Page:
Shoot-Out (2005)
(Release Date: September 17, 2005)


Two men, one court and the ultimate wager!

J.C. Mašek III
The World's Greatest Critic!
Earlier this month, while I was on a business trip, an associate of mine made the mistake of attempting a one-on-one night out at the bar, with yours truly, not only an Irishman, but an Irishman raised in Louisiana. I guess he never read my Long Beach Blues Festival reviews because the poor man might as well have challenged me to a Jalape˝o eating contest at a Crawfish Boil. Needless to say, I won, and the Roosevelt's Bar in Farmington Hills, Michigan now has an owner and a beer distributor who can retire comfortably to the island destination of their choice. A gravity-defying walk back to the hotel and an embarrassingly drunken email later, and I was sitting up in bed, with my laptop somehow sitting diagonally on a desk that appeared to hang perpendicular to the ceiling, winking at me knowingly as it introduced me to Shoot-Out to my viewing pleasure.

And I do mean pleasure! I'm not being overly generous to tell you that Shoot-Out is a triumph, a surprising, well planned, well acted, well shot, well scored and well directed triumph. Shoot-Out is a prime representative of the very best kind of independent short film. It knows the story it needs to tell, and it tells it perfectly within the exact time constraints that it requires, without hubris or self-indulgence, but with one hell of a memorable beginning, middle and end.

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Shot in glorious black and white, Shoot-Out is the story of a Basketball Hustler named House Washington (excellently portrayed by Executive Producer Tyshawn Bryant). House always wins! The man has never lost a game for money, and street ego drips off of him like neon sweat in a Gatorade commercial as he trash talks and boasts of his career of taking fools' money. That's all until a mysterious stranger (Daniel Sol's J.C. Matado) arrives with skull-cracking skills of his own. What does (the other) J.C. have in store for House? A wager far beyond the usual thousand-dollar game of H.O.R.S.E., indeed far beyond anything House has played for up until now.

What follows is an incredibly well choreographed and photographed basketball game between equals, laced with remarkably natural dialogue and realistic action. I promise no spoilers in this one, but let's just say it culminates in an ending that is a complete shock that, sure as Smirnoff is sour, I didn't see coming! Folks, I'm not easy to fool. Shoot-Out has an ending that made me feel as if a knot was untying in my chest, like the dominoes had been perfectly set up and finally knocked down, or a house of cards the size of a Trinitron just went three rounds with an Earthquake.

What's Shoot-Out's secret weapon? Writer/ Director David Branin! Branin takes a somewhat single-layered story (this is a short, after all), and adds pacing and dialogue, and a more than healthy dash of unconventional and daring directing. This is one writer who really should be directing his own material! From the believable blocking and script extrapolation, to the challenging camera angles and kick-ass Basketball choreography, to his ability to tastefully use foreshadowing clips, to his intelligent choices of when to utilize the shaky, hand-held camera work to when to hold still and let the actors do their thing, David Branin really delivers.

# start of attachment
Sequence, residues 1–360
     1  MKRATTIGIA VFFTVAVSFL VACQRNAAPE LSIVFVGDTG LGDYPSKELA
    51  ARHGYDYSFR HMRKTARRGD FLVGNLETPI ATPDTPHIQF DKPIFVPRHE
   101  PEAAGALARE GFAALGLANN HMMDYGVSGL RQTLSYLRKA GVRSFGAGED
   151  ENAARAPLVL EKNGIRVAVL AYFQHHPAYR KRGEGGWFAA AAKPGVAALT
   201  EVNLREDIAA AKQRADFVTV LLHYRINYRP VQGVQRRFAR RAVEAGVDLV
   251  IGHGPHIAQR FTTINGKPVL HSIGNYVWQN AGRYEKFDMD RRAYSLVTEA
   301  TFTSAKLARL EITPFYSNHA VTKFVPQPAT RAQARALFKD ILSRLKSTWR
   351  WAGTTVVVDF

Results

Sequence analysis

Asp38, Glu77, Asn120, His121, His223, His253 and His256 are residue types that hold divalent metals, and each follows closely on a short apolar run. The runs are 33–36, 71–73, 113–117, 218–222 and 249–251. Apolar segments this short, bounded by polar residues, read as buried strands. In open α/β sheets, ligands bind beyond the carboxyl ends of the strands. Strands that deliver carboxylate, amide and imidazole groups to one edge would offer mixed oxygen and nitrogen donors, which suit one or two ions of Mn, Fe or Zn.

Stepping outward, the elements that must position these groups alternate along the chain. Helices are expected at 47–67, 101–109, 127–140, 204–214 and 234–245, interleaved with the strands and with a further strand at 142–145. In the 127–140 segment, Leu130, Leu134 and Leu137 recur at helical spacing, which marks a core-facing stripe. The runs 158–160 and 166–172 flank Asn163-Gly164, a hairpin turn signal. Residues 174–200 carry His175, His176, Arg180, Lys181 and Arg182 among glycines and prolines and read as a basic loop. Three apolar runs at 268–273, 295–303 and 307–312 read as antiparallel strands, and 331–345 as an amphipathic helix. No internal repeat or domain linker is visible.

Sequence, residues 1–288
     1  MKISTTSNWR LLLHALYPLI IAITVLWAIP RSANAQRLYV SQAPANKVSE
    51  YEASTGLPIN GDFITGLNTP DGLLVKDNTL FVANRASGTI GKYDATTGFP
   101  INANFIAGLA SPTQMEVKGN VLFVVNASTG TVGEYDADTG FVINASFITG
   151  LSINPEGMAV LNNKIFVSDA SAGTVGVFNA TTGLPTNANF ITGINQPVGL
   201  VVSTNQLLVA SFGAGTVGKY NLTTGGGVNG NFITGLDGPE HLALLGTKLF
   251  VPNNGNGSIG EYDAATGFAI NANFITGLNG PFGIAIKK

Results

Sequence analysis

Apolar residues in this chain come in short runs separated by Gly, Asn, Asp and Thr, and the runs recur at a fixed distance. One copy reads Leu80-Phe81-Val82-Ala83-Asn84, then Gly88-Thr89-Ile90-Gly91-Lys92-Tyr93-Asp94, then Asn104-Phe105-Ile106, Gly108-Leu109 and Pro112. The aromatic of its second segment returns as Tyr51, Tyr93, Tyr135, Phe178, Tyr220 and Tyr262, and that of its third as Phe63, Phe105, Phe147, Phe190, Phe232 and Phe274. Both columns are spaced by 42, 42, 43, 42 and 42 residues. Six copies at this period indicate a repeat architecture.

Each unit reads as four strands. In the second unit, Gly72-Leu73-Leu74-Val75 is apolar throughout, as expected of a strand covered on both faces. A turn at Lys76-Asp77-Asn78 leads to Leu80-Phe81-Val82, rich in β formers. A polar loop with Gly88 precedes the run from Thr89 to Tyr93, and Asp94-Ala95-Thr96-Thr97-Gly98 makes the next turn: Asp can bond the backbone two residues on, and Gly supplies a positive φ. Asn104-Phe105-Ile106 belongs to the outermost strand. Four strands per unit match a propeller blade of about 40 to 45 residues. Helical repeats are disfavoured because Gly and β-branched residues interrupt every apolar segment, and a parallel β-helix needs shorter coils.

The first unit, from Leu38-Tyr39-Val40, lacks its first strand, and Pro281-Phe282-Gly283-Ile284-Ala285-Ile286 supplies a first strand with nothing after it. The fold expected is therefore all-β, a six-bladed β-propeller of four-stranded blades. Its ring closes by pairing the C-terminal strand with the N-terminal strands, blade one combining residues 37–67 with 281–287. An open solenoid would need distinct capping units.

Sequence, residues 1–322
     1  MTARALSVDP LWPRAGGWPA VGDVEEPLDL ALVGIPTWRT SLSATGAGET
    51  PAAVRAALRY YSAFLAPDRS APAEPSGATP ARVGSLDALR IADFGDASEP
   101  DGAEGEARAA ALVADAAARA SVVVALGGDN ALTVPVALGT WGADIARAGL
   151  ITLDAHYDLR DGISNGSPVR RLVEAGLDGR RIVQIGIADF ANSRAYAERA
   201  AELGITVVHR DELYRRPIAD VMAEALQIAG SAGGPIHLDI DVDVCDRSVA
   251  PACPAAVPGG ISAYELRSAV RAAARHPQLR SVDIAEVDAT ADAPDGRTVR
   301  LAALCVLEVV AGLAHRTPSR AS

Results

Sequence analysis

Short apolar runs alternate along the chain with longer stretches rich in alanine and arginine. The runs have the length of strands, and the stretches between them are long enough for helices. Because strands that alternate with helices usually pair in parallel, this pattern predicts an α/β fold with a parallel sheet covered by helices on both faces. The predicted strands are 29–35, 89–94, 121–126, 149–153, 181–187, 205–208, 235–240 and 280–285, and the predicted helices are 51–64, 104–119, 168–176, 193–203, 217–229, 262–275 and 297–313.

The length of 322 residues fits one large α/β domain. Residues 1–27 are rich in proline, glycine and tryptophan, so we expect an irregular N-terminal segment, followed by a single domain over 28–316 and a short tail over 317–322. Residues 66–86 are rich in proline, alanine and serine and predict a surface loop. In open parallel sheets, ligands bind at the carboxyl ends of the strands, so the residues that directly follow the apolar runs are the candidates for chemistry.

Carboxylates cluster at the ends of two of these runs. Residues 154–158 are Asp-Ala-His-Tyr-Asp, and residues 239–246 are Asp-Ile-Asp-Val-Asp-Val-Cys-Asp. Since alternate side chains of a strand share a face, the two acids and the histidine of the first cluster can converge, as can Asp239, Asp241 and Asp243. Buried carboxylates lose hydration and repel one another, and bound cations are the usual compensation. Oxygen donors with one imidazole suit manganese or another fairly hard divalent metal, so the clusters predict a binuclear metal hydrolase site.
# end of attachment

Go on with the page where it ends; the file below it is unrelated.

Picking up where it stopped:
Not that he could do it alone. While the entire ensemble crew is worth their weight in Air Jordans, special kudos have to be handed to editor (and sound mixer) Damon Stout, whose smooth cuts and seamless transitions are a compliment to the story, and, of course, to composer Rudy Mangual, who sets every mood and enhances the action without being conceited enough to try to compete with the sounds and visuals of the movie itself. Whose visuals? There's no question that this is David Branin's film, but the capable Ivan Rodriguez is one Director of Photography I'd gladly buy a beer for, considering his talent for bringing Branin's mind to the screen (just don't challenge me, there, Ivan!). Branin's partnership with actor and Executive Producer Bryant has paid off here, as good old Tyshawn is as good an actor as he is a Film Manager.

But hey, I was what I gleefully refer to as "Funkin' Druck" when I saw it right? Naturally my old "Aunt Ethyl" lubed my movie viewing wheels that night, right? Wrong! The joy of Shoot-Out is in the repeated viewings. The sober viewer who now knows the ending will be elated over how well the gears mesh together as they turn toward that finale I was telling you about. When you see the dotted eyes and crossed tease within the final clincher sequence you'll know what I mean, because you'll want to see it again.

What does it take to make a good film? Scope, acting, directing and editing, and if you're really lucky, a good and complimentary musical score. Shoot-Out takes the Pepsi Challenge against bigger movies of its kind, and wins the free throw. Therefore, I'm not the slightest bit exaggerating when I award Four and one half stars out of Five to Dream Regime Productions' Shoot-Out! Tyshawn and David have got what it takes, kids, and they've certainly got a feature film in their future. Let's just hope it's not this one. Shoot-Out is nearly perfect as a short film, taking neither too much or too little time to tell its tale. In brief, Goldilocks would choose the "just right" Shoot-Out, assuming our girl could handle the subject matter! Let it take you by the hand and blow your little mind, while I shoot my way from the three point line into the next reel.

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Shoot-Out (2005) reviewed by J.C. Mašek III who alone is responsible for fouling Scott Boute back in the 9th grade... And for the content of this damned review!
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